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The Kefaya Movement

The Kefaya Movement: A Case Study of a Grassroots Reform Initiative

Nadia Oweidat
Cheryl Benard
Dale Stahl
Walid Kildani
Edward O'Connell
Audra K. Grant
Copyright Date: 2008
Edition: 1
Published by: RAND Corporation
Pages: 80
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  • Book Info
    The Kefaya Movement
    Book Description:

    Kefaya was an indigenous movement for political reform organized in late2004 in opposition to the regime of Egyptian President Hosni Mubarak. Thisexamination of Kefaya's birth, accomplishments, and decline is based on ananalysis of the work of Egyptian scholars and Arabic-language media reports(including online and new media), as well as structured interviews withpersons associated with and observers of Kefaya and the Muslim Brotherhood.

    eISBN: 978-0-8330-4644-4
    Subjects: Law, Technology, Political Science

Table of Contents

  1. Front Matter
    (pp. i-ii)
  2. Preface
    (pp. iii-iv)
  3. Table of Contents
    (pp. v-vi)
  4. Summary
    (pp. vii-xii)
  5. Acknowledgments
    (pp. xiii-xiv)
  6. CHAPTER ONE Introduction
    (pp. 1-2)

    Much of the Middle East is governed by repressive regimes. Many of these autocratic regimes are consistently confronted by opposition movements that seek to bring about democratic reforms. These movements, however, operate under significant difficulties and assisting them in any tangible fashion is not easy.

    Opposition movements in the Middle East are regularly repressed, sometimes brutally. Many persons in these nations may be intimidated by or unaccustomed to political engagement, which, in such settings, is not a commonplace civic activity but a high-risk enterprise.

    Yet as a result of poverty, underdevelopment, and ineffective governance, much of the population needs social...

  7. CHAPTER TWO Kefaya’s Origins
    (pp. 3-16)

    The Kefaya movement began in the autumn of 2004, catapulting into Egyptian politics after launching what is considered the first major anti-Mubarak demonstration ever. The catalyst for the organization’s creation was the impending 2005 presidential elections in Egypt. At stake were issues related to the persistence of authoritarian rule and the inheritance of presidential power. Eventually, Kefaya’s platform expanded to include additional grievances from other quarters. Whether Kefaya was truly a new movement or an alternative mechanism for a collection of groups to air grievances is open to debate. Regardless, its unique characteristics, as noted, make it worth extensive analysis....

  8. CHAPTER THREE Kefaya’s Successes
    (pp. 17-26)

    The initial demonstrations held by Kefaya, with their message of “No to a fifth term and no to hereditary rule” and their implicit challenge to a sitting regime, was, as noted, unprecedented in Egyptian politics (El-Din, 2004). This direct challenge to a sitting ruler earned Kefaya praise from both the Arab and international presses.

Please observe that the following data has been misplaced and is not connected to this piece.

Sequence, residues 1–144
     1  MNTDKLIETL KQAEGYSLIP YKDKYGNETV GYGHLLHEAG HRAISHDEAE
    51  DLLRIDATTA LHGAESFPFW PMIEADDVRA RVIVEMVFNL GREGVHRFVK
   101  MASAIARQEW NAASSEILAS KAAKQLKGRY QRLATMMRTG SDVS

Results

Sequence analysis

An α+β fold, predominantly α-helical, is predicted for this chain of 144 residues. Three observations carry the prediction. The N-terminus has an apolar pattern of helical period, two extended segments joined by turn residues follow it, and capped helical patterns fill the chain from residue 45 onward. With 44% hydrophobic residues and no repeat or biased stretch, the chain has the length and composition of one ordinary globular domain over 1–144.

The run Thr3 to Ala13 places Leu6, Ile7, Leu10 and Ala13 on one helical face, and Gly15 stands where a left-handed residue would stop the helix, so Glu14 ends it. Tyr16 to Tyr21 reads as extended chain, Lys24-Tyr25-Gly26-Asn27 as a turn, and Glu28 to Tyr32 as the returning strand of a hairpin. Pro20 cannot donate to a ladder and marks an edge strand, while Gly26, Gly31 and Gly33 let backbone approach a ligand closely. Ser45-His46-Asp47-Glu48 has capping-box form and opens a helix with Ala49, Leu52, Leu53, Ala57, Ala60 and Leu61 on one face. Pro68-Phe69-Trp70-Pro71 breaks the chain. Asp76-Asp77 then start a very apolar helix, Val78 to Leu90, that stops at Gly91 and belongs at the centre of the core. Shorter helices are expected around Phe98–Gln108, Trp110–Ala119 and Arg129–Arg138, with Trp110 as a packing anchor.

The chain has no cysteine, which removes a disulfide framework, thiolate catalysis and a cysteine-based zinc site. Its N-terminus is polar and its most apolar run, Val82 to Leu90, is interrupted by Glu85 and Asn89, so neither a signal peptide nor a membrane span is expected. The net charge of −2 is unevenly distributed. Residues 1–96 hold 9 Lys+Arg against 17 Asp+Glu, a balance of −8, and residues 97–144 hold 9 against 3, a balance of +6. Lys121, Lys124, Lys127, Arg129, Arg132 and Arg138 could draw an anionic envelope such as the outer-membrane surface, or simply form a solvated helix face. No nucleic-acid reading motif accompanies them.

Many intellectuals viewed Kefaya as an example of what an Egyptian political party should be. One observer wrote,

    In its activities, Kefaya relies on openness, transparency and using peaceful means. It is democratic in its internal relations and is therefore different from the ideological parties which...

  9. CHAPTER FOUR Kefaya’s Decline
    (pp. 27-42)

    For some time after its creation, journalists marveled at Kefaya’s ability to withstand “ferocious attacks from the state” (El-Anani, 2005). Eventually, however, Kefaya succumbed to these blows and its successes for the most part withered away.

    The political and social dynamics that led to Kefaya’s decline can be grouped into four general categories: first, Kefaya’s struggle against the state over the misuse of power, the manipulation of laws, and the control of the media; second, Kefaya’s relationship with Islamists; third, the role of the ruling elite in propagating antidemocratic messages; and fourth, Kefaya’s own internal organizational problems.

    The general causes...

  10. CHAPTER FIVE Conclusions and Implications for U.S. Policy
    (pp. 43-54)

    While the Kefaya movement, like other pro-democracy movements in the region, did not last long or yield many long-lasting results, it nonetheless embodied the strong desire of many in the Middle East for democratic reform. As Rami Khouri (2007), a well-known Jordanian journalist and chief editor of the English-language Lebanese newspaperDaily Star, writes,

    The Arab region remains the world’s last collectively non-democratic region, having resisted repeated attempts by Arab democrats, liberals, human rights activists, Islamists and constitutionalists to bring their societies into the growing club of democracies around the world . . . Arabs remain eager to participate in...

  11. References
    (pp. 55-66)